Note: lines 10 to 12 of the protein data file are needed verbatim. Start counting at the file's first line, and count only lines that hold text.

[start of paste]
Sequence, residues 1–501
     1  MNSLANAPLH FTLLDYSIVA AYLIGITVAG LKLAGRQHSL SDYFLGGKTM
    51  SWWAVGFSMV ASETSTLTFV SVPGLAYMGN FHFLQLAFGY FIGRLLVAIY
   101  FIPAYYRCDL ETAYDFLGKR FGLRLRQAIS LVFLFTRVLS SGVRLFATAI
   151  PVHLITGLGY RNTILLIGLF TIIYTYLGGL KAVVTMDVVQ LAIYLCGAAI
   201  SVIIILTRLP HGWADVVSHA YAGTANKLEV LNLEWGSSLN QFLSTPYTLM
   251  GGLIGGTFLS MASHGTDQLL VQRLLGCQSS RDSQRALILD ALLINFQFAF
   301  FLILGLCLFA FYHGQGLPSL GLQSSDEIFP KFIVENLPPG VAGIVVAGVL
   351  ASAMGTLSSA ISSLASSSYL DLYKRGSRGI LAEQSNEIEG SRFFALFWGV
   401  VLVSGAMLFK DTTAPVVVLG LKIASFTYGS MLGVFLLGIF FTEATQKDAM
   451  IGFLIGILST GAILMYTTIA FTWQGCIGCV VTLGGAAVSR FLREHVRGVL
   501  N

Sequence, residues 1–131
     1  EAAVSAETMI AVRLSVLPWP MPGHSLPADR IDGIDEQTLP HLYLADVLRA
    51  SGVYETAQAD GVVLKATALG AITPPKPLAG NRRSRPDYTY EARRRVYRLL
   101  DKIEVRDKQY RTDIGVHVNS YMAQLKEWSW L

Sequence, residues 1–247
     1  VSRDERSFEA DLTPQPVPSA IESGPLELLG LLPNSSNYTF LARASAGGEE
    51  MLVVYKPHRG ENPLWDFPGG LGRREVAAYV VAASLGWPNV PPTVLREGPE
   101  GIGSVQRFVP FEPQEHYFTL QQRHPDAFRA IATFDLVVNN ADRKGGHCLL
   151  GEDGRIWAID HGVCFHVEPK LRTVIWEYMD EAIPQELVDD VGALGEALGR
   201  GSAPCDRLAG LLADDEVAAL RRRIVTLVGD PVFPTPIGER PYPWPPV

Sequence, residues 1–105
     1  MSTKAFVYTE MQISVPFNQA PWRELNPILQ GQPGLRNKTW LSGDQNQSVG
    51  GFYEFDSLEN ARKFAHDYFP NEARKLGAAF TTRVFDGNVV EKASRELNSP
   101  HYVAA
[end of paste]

   401  VLVSGAMLFK DTTAPVVVLG LKIASFTYGS MLGVFLLGIF FTEATQKDAM
   451  IGFLIGILST GAILMYTTIA FTWQGCIGCV VTLGGAAVSR FLREHVRGVL
   501  N